Re: Existential Risk and Fermi's Paradox

From: Eliezer S. Yudkowsky (
Date: Wed Apr 18 2007 - 11:17:00 MDT

Larry wrote:
> It now seems to be standard dogma to say "evolution doesn't advance", a
> reflexive response to the old dogma showing mankind as the end goal of
> evolution. Neither is accurate. Evolution is like a random walk, and
> random walks do expand over time.

A common misconception, which I believe was first spread by the
scientifically dishonest Stephen J. Gould, misrepresenter extraordinaire
of modern evolutionary theory. (For more on Gould see

Evolution has a complexity limit, the amount of genetic information that
it can support against degenerative mutation, given a copying fidelity
and a maximum selection pressure. This amount would not exceed 10^8
bits for mammals. It would have been reached long ago. Thus, the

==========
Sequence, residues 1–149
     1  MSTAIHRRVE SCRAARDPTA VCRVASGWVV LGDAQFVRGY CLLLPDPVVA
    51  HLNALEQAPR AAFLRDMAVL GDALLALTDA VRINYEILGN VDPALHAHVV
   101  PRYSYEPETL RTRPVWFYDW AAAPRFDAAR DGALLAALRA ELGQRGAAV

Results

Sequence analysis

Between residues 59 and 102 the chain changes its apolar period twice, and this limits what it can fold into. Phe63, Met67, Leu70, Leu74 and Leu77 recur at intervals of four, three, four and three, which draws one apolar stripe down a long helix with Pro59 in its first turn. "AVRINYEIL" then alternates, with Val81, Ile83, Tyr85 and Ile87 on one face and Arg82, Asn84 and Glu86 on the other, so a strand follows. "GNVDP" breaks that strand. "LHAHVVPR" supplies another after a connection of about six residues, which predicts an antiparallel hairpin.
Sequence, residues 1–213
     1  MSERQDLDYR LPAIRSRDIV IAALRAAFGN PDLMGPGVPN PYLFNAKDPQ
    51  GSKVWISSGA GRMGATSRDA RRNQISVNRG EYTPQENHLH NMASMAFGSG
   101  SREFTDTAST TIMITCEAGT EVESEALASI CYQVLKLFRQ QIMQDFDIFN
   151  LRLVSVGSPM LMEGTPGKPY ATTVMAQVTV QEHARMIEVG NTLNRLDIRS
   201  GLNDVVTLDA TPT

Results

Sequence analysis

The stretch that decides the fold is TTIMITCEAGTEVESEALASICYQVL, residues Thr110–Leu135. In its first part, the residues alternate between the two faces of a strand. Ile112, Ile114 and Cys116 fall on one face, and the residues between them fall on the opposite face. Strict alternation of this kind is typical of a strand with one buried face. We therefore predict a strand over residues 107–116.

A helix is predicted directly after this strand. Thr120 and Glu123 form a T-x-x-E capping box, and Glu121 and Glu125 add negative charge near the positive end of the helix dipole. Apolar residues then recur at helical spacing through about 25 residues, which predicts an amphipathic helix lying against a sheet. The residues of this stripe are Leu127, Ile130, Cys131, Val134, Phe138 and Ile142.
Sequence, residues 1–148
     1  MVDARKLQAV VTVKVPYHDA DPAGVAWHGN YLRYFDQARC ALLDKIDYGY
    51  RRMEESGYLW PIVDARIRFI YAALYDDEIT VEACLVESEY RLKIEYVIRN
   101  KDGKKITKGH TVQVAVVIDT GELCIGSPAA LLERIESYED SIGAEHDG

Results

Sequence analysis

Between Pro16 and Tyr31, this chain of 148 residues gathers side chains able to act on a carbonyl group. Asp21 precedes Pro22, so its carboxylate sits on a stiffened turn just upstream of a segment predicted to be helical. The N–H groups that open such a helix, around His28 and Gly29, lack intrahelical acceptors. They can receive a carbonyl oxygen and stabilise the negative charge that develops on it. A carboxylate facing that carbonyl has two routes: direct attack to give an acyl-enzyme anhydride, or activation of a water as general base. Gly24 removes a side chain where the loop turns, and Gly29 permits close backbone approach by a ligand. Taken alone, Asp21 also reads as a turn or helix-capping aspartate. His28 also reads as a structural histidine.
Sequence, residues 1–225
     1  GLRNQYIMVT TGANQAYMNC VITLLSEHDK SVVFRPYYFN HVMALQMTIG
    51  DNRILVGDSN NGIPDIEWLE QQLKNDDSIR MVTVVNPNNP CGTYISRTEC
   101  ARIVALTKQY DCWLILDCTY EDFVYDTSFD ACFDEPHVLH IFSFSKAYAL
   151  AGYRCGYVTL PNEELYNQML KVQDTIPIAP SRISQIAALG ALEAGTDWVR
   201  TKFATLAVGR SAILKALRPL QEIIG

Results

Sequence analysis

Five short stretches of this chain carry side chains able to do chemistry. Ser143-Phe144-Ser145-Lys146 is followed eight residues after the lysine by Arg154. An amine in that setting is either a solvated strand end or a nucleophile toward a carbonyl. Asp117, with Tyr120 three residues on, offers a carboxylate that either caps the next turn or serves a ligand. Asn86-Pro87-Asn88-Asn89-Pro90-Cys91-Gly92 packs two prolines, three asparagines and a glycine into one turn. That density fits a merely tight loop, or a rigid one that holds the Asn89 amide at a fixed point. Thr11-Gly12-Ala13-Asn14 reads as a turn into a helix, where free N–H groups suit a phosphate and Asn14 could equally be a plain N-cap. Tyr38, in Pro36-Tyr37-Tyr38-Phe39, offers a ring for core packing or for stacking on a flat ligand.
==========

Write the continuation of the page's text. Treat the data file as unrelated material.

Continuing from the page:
random walk has an upper limit and does not expand. Since then we have
simply been substituting new complexity for old complexity as adaptive
challenges change.

Much of this discussion on this thread shows misunderstanding of basic
evolutionary biology combined with no realization that more advanced
understandings exist. I recommend "Adaptation and Natural Selection" by
George Williams for starters (this is the book often said to have
started the "Williams Revolution" of the late 1960s in biology).

Eliezer S. Yudkowsky                
Research Fellow, Singularity Institute for Artificial Intelligence

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